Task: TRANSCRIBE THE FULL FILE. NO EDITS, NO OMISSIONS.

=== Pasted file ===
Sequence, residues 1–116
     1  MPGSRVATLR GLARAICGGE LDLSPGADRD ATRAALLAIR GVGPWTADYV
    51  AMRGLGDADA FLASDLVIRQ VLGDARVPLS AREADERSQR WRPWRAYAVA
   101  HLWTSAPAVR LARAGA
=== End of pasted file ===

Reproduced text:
Sequence, residues 1–116
     1  MPGSRVATLR GLARAICGGE LDLSPGADRD ATRAALLAIR GVGPWTADYV
    51  AMRGLGDADA FLASDLVIRQ VLGDARVPLS AREADERSQR WRPWRAYAVA
   101  HLWTSAPAVR LARAGA